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Seed Bombs Add Biodiversity

Posted January 16th, 2018 by Caron Wenzel in

As a permaculture instructor and eco-restoration practitioner, one of the most entertaining things I participate in is making seed bombs or seed balls. After years of helping scout troops and science classes it is still fun to make and distribute them.

Making seed balls is actually an ancient farming practice that helped prevent seed from being consumed by rodents and birds after it was broadcasted. It was brought to modern awareness by a Japanese agronomist and organic farmer Masanobu Fukuoka. He authored a book One Straw Revolution that in the 1970’s and described the theory and practice of using seed bombs among other organic farming:

“A difficulty with Fukuoka’s non-plowing, direct-seeding method planting is that exposed seeds become prey to birds and animals. By casting the seeds amidst a standing crop and covering them with straw, the birds can be kept at bay, but moles, crickets, slugs, and mice present another problem. For many years Fukuoka thwarted foraging insects and rodents by pelletizing his seeds, that is, by encasing them in clay. Pelletizing seeds also keeps them from rotting if the season is unusually wet. However, by keeping a natural balance in the animal kingdom Fukuoka now seldom needs to coat his seeds, thus eliminating another task.”

Larry Korn
Source: The Ramon Magsaysay Award Foundation.

As permaculture is all about creative innovation in sustainable gardening and restoration methods, seed balls/bombs have become a popular technique in natural gardening and farming circles and permaculture.

Work experience and research has shown me the many ways and situations to use seed balls.

  • The Fukuoka method is to roll seed and powdered clay with seed, clay and water in a box or cement type mixer for large amounts needed for fields.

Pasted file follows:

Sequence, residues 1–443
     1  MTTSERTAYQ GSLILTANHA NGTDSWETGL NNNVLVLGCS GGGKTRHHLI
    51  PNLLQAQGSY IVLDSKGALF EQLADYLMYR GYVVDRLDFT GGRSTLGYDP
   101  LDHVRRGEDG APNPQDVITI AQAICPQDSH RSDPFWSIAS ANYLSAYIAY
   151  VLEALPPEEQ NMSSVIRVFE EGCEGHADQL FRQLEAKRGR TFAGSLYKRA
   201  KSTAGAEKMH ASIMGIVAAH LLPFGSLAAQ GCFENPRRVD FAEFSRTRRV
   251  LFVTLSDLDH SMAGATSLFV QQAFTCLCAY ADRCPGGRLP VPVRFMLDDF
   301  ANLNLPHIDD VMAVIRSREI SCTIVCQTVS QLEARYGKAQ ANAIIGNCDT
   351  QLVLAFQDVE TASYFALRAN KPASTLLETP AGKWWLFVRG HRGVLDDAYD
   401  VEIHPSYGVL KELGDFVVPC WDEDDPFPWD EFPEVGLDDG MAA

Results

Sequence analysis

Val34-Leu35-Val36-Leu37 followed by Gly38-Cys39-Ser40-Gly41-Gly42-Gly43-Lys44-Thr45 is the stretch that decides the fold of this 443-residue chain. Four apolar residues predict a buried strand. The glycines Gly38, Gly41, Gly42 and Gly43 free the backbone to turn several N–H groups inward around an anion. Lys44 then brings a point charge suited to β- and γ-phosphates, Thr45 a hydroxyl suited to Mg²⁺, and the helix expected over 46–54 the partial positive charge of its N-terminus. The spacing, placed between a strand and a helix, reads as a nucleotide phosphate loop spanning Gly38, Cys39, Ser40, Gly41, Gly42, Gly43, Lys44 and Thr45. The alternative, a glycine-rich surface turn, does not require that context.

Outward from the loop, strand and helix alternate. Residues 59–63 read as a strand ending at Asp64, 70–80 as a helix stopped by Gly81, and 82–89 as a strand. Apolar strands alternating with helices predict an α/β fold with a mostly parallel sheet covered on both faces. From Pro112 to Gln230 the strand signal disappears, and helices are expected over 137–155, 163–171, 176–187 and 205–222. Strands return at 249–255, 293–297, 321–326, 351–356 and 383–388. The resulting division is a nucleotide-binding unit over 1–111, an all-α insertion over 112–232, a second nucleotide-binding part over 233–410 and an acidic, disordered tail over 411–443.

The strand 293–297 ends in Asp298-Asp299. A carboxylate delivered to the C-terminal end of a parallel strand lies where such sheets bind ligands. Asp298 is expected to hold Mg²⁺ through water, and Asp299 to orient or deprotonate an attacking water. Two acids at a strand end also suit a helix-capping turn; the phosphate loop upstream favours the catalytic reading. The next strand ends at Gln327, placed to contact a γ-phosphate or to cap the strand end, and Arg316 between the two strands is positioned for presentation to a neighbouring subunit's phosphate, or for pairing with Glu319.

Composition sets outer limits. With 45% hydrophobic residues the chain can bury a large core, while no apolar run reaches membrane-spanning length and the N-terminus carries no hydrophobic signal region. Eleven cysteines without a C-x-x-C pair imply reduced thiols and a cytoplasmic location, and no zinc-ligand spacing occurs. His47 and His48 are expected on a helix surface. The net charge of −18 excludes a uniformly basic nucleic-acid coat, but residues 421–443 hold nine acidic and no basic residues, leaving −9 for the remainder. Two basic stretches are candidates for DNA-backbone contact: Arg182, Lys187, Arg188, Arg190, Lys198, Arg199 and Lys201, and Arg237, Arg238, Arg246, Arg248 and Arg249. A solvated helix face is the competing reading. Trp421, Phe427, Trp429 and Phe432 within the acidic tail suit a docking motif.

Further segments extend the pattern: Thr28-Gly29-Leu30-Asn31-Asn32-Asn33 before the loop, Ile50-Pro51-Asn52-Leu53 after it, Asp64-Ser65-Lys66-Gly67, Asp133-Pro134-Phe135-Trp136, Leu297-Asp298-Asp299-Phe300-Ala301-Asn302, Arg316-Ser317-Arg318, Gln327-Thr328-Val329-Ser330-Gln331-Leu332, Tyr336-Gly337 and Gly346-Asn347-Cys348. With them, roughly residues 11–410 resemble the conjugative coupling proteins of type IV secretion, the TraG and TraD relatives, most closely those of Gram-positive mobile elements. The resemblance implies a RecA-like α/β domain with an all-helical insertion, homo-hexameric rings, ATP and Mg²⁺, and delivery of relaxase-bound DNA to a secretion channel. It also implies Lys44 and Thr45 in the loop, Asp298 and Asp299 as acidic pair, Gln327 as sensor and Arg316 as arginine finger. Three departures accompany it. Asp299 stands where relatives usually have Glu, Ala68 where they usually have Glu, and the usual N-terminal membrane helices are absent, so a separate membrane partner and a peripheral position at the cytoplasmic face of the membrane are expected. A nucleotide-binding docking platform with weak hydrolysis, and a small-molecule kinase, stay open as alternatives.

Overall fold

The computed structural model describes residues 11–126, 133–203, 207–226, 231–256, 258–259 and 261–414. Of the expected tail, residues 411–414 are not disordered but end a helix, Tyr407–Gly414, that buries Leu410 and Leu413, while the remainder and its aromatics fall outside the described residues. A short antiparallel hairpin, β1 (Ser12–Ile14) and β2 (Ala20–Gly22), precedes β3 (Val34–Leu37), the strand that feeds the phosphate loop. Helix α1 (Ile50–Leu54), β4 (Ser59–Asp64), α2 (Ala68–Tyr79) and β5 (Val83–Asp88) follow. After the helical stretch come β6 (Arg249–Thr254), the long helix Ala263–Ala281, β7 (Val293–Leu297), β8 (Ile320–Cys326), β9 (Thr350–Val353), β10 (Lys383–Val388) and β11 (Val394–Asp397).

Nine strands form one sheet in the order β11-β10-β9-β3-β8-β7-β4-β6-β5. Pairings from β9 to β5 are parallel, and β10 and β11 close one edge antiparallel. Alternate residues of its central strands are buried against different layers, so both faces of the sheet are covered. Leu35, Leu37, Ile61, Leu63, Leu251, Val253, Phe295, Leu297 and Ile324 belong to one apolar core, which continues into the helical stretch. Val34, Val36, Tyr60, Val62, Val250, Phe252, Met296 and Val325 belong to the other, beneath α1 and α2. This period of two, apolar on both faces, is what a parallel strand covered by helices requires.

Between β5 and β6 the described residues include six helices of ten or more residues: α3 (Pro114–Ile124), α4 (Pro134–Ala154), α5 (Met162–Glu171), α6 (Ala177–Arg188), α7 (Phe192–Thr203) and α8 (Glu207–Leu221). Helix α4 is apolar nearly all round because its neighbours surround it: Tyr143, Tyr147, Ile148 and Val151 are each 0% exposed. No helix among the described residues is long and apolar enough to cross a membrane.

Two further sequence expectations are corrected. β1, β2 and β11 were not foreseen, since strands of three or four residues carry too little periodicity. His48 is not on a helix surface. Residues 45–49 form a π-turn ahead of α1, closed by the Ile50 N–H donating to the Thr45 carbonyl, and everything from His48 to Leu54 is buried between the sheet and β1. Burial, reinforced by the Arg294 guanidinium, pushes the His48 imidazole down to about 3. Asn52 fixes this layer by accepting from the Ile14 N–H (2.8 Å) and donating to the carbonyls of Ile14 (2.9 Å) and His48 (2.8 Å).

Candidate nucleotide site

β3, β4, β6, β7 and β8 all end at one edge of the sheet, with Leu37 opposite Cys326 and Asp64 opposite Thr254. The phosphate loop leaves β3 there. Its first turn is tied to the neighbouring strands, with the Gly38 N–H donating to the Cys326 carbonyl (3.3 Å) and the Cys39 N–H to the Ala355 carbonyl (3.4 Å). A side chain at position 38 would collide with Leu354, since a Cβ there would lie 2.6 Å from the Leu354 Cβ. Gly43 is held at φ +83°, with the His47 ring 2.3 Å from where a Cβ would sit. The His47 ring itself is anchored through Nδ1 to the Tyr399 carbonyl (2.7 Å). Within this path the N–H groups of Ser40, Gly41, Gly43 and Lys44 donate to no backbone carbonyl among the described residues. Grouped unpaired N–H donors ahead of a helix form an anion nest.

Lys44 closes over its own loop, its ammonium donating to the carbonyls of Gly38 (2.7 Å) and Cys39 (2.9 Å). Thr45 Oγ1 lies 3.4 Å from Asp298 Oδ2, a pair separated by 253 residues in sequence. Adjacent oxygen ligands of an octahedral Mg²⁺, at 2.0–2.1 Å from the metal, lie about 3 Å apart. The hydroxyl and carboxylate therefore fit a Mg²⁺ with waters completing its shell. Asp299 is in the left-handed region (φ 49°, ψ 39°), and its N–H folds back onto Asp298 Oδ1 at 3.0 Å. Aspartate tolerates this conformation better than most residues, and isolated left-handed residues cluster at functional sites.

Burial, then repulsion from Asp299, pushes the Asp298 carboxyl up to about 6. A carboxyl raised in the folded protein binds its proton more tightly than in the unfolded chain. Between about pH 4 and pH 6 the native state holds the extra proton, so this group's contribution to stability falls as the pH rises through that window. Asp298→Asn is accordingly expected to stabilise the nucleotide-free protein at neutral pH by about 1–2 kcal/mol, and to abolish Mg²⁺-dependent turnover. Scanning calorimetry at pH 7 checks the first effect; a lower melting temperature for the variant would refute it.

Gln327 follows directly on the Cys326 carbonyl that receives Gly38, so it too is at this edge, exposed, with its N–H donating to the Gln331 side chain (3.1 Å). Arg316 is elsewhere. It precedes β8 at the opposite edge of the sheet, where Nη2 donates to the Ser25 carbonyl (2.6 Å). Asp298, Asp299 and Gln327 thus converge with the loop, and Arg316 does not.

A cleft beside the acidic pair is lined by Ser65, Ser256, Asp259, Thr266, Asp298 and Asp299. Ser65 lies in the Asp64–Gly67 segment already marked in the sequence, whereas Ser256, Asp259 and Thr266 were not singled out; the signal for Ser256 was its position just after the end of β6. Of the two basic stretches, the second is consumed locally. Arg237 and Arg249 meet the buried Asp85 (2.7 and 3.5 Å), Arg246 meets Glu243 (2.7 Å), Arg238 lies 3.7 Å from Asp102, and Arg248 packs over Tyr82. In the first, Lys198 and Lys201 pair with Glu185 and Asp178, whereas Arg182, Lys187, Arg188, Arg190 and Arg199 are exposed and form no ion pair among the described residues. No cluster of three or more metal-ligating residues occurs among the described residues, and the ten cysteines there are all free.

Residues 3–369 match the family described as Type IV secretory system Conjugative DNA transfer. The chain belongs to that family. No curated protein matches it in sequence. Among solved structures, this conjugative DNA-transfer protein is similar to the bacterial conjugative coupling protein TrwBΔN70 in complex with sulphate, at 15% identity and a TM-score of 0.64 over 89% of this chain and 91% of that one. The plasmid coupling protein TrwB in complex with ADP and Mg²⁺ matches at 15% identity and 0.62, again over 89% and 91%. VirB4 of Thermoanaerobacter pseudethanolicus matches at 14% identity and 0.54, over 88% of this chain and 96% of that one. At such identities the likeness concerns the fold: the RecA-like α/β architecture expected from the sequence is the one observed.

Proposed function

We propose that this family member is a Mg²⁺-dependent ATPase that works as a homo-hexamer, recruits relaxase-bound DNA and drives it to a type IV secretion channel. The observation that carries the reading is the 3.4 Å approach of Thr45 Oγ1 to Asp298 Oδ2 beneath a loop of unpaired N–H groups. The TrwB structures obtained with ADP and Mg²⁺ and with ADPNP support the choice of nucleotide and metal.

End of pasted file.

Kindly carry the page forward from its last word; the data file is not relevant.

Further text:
• For vegetable and flower seed in limited quantities batch mix 1/3 clay, 1/3 compost, 1/3 seed and water. Hand roll or use a small ice cream scoop.
  • My recipe for wildflower seed balls is designed to add biodiversity to pollinator strips and restorations. Mix 1/3 clay, 1/3 compost, 1/3 seed and a good mycorrhizal inoculant to the mix. This can be done pelletized dry clay method or wet clay in “brownie batter” batches.
  • Clays are variable. A good, inexpensive red or white craft clay without weed seeds will work. Dirty clay with possible chemical contamination needs to be avoided.
  • Mix all ingredients, Make the balls, and set them out to dry in a cool dry place. They will be ready in 3 days to a week.
  • Sow seed balls when they are dry in an approximate time for the seeds in the ball. Perennials in the Fall, Annual flowers in Spring, as an example.

Caron Wenzel is an Environmental Educator, writer, and owner of Blazing Star Inc., a 27-year-old native plant seed nursery, soil amendment and environmental consulting business.  Visit her website at Blazing-Star.com.

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